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Int J Biochem Cell Biol. 2006;38(4):504-9. Epub 2005 Aug 2.

Staphylococcus aureus: Staphylokinase.

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Department of Rheumatology and Inflammation Research, Sahlgrenska University Hospital, Guldhedsgatan 10, SE-41346 Göteborg, Sweden.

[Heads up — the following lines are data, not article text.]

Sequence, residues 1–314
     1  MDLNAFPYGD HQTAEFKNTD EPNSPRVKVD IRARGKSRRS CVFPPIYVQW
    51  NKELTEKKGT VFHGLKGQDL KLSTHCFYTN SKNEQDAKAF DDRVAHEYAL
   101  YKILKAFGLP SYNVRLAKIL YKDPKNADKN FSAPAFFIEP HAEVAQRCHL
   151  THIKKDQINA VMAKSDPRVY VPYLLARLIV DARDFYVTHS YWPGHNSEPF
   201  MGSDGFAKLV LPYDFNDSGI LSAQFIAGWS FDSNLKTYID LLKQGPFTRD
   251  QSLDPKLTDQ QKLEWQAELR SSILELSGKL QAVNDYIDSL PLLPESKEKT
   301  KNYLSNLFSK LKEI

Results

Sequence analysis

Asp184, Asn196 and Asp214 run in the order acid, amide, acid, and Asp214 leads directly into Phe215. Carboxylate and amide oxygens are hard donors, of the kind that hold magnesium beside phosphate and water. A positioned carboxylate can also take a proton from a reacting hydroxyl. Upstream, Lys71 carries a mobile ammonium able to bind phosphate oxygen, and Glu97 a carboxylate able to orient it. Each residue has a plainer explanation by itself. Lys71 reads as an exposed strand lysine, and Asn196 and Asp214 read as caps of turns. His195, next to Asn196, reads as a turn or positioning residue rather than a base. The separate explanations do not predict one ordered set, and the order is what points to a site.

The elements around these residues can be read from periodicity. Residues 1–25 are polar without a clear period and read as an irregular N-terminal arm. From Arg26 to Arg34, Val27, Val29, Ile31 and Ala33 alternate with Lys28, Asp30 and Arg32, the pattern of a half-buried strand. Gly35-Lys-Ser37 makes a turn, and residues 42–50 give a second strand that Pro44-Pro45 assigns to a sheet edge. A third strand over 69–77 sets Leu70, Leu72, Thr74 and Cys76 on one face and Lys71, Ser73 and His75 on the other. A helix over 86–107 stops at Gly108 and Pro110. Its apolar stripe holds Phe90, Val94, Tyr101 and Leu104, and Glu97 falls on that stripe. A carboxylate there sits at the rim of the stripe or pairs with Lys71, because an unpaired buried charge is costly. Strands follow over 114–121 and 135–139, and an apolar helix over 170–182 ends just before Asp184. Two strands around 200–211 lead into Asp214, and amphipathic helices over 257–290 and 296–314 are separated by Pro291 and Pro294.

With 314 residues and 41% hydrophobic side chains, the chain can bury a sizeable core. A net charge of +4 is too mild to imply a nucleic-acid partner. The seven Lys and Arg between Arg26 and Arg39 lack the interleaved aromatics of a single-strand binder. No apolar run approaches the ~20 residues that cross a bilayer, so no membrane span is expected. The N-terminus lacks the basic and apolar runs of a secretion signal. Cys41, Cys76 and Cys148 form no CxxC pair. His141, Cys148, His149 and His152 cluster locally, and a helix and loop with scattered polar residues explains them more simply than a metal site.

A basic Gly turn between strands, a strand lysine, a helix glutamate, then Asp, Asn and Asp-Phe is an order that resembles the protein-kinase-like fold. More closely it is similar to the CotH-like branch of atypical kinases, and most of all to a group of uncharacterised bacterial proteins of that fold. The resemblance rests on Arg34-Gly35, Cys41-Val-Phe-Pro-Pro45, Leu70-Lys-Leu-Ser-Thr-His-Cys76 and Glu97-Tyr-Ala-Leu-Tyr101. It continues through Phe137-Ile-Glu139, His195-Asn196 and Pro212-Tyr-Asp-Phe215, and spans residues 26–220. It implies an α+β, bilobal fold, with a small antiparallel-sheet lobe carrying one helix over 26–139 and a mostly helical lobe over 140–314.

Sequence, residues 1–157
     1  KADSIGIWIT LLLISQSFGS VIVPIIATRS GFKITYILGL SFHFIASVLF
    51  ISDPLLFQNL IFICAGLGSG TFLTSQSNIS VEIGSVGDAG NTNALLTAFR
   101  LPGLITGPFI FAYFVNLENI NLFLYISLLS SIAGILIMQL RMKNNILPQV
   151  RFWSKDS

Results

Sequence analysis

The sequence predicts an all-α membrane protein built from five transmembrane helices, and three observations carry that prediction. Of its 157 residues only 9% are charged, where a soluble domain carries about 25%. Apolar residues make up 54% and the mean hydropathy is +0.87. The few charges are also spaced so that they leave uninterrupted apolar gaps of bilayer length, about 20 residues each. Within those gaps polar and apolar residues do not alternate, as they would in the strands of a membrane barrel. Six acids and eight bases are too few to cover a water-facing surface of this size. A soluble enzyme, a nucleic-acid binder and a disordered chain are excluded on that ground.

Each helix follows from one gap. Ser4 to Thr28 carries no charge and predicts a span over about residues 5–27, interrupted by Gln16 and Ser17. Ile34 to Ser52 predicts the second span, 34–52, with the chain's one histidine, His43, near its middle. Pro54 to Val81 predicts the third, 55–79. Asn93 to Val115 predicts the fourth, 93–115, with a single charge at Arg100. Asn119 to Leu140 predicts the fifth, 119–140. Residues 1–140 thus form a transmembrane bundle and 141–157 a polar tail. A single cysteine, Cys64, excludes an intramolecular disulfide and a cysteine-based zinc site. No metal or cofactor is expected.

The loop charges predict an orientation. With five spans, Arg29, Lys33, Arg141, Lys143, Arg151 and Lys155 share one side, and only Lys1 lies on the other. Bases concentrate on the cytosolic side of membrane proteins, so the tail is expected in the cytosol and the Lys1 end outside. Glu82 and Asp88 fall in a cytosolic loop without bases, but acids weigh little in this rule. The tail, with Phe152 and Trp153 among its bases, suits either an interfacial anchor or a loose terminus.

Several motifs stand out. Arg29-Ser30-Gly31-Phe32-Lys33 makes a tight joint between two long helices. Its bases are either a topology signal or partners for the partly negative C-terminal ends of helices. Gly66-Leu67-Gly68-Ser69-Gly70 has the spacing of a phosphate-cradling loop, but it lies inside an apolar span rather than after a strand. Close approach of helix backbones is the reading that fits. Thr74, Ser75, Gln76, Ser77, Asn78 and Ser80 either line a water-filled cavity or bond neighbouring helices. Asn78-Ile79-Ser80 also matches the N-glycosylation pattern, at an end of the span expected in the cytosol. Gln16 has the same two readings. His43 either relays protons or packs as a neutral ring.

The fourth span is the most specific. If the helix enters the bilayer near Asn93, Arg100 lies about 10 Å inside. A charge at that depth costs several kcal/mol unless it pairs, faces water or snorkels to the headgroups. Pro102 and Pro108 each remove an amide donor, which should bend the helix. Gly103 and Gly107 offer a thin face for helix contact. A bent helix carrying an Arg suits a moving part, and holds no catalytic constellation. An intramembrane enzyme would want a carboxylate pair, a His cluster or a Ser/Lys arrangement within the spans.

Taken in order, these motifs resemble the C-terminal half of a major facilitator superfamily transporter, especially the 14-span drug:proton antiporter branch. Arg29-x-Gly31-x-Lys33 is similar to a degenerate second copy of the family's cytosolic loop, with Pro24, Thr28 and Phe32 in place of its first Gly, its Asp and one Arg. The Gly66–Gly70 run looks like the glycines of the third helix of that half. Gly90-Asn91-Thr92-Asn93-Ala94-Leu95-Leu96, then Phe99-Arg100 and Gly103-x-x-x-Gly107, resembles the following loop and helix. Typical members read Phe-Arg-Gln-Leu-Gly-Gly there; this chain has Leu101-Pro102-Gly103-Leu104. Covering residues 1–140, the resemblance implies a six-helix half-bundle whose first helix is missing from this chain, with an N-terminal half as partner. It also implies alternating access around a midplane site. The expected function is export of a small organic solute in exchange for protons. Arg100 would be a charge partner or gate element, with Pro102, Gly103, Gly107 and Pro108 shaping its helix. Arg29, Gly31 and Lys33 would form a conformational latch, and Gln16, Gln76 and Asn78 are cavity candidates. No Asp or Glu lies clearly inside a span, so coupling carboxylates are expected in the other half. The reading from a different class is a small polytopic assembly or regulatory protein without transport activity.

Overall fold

Staphylokinase is a 136 aa long bacteriophage encoded protein expressed by lysogenic strains of Staphylococcus aureus. Present understanding of the role of staphylokinase during bacterial infection is based on its interaction with the host proteins, alpha-defensins and plasminogen. alpha-Defensins are bactericidal peptides originating from human neutrophils. Binding of staphylokinase to alpha-defensins abolishes their bactericidal properties, which makes staphylokinase a vital tool for staphylococcal resistance to host innate immunity. Complex binding between staphylokinase and plasminogen results in the formation of active plasmin, a broad-spectrum proteolytic enzyme facilitating bacterial penetration into the surrounding tissues. We have recently shown high levels of staphylokinase expression in clinical isolates of skin and mucosal origin and relative low levels in isolates invading internal organs. These findings are supported by sepsis studies using isogenic S. aureus strains demonstrating increased bacterial load in the absence of staphylokinase production. Our observations indicate that staphylokinase favours symbiosis of staphylococci with the host that makes it an important colonization factor.

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